Title: Duty to the Crown
Author: Aimie K. Runyan
Publish Date: October 25, 2016
What's the Story?:
From Goodreads.com: "In 1667, an invisible
wall separates settlers in New France from their Huron neighbors. Yet
whether in the fledgling city of Quebec or within one of the native
tribes, every woman’s fate depends on the man she chooses—or is
Although Claudine Deschamps and Gabrielle
Giroux both live within the settlement, their prospects are very
different. French-born Claudine has followed her older sister across the
Atlantic hoping to attract a wealthy husband through her beauty and
connections. Gabrielle, orphan daughter of the town drunkard, is forced
into a loveless union by a cruel law that requires her to marry by her
sixteenth birthday. And Manon Lefebvre, born in the Huron village and
later adopted by settlers, has faced the prejudices of both societies
and is convinced she can no longer be accepted in either. Drawn into
unexpected friendship through their loves, losses, and dreams of home
and family, all three women will have to call on their bravery and
resilience to succeed in this new world…"
My Two Cents:
"Duty to the Crown" is the second book in the "Daughters of New France" series by Aimie K. Runyan. The colony of New France is a little more established when the book opens up but still feels like a new frontier for many of its residents. I loved the first book in this series and was anxious to get back to Runyan's New France, still a very new setting for me and one that I really loved seeing through this book. Although New France is no longer new to the main characters in this book, it still makes for a fascinating setting where even a place that the characters think they know well can totally change their lives.
While characters from the first book appear, this book largely focuses on the next generation of women in New France. There is Claudine, the sister of Nicole from the first book who wants to find her husband. Gabrielle is a young woman that is forced into a loveless and abusive marriage and will have to rely on herself in order to make her situation better. Then there is Manon, a young woman who walks the line between the settlers and the natives, two groups who don't get along all the time. Through each of these characters, the author explores what it was like to live in New France during this time period. Each of the stories are interesting in their own way and I appreciated getting so many different perspectives. I loved how the author was able to create really different voices for each of the characters.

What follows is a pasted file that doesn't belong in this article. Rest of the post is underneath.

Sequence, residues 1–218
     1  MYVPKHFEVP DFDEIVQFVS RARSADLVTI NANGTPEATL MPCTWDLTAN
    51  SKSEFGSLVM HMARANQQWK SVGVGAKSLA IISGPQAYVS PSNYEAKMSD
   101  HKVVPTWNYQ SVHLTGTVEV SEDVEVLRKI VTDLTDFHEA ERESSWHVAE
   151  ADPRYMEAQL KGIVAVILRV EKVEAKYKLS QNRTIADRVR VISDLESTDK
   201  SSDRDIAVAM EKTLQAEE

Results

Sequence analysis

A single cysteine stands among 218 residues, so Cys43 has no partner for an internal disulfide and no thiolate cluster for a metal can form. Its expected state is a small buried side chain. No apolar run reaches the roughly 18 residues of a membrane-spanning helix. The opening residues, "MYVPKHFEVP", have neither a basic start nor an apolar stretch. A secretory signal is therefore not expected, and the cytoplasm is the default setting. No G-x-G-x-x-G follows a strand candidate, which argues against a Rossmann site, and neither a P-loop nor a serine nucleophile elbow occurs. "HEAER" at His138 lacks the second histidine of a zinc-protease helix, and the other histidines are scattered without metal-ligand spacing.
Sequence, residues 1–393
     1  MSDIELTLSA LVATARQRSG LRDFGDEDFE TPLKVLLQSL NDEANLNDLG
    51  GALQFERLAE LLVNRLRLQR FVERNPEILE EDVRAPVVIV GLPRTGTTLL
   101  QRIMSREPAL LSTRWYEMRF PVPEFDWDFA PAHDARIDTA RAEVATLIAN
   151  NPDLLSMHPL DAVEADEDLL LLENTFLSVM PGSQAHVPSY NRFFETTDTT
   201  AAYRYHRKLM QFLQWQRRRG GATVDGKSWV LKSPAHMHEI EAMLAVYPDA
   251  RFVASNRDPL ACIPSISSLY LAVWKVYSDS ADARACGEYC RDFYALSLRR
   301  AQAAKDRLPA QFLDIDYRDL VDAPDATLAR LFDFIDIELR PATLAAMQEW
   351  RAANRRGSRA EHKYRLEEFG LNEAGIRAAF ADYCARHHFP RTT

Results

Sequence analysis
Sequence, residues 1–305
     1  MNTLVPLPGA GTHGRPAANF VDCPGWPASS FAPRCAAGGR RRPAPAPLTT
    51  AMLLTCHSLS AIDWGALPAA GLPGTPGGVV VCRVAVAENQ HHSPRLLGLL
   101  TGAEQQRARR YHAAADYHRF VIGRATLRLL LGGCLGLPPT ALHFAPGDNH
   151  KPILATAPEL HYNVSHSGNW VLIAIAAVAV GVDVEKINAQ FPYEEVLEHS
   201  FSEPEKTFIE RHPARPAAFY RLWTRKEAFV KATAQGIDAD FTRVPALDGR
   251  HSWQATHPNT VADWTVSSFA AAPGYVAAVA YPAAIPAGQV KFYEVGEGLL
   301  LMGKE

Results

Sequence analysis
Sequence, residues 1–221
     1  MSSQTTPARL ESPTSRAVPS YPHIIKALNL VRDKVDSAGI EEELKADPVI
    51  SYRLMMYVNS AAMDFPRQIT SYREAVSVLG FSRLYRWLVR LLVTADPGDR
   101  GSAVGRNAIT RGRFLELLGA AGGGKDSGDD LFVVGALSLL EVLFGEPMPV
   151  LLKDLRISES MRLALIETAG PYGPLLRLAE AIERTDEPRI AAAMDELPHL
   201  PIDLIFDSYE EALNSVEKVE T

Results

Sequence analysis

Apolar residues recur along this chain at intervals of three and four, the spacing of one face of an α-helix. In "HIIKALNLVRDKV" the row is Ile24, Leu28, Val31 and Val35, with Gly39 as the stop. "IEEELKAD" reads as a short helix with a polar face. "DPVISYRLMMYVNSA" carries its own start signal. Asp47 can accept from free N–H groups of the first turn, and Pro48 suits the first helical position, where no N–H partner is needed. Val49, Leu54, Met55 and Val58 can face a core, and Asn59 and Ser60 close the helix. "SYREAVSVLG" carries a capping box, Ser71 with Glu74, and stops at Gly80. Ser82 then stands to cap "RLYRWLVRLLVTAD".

The world building and historical detail in this book are fantastic and I loved being immersed in the world of the characters. Settlement life is not glamorous and readers get many doses of reality throughout the book. I appreciated that the author did not shy away from the realities of settlement life even if it was difficult to read some parts of the book after becoming attached to some of the characters. Overall, this was a great follow up to the first book!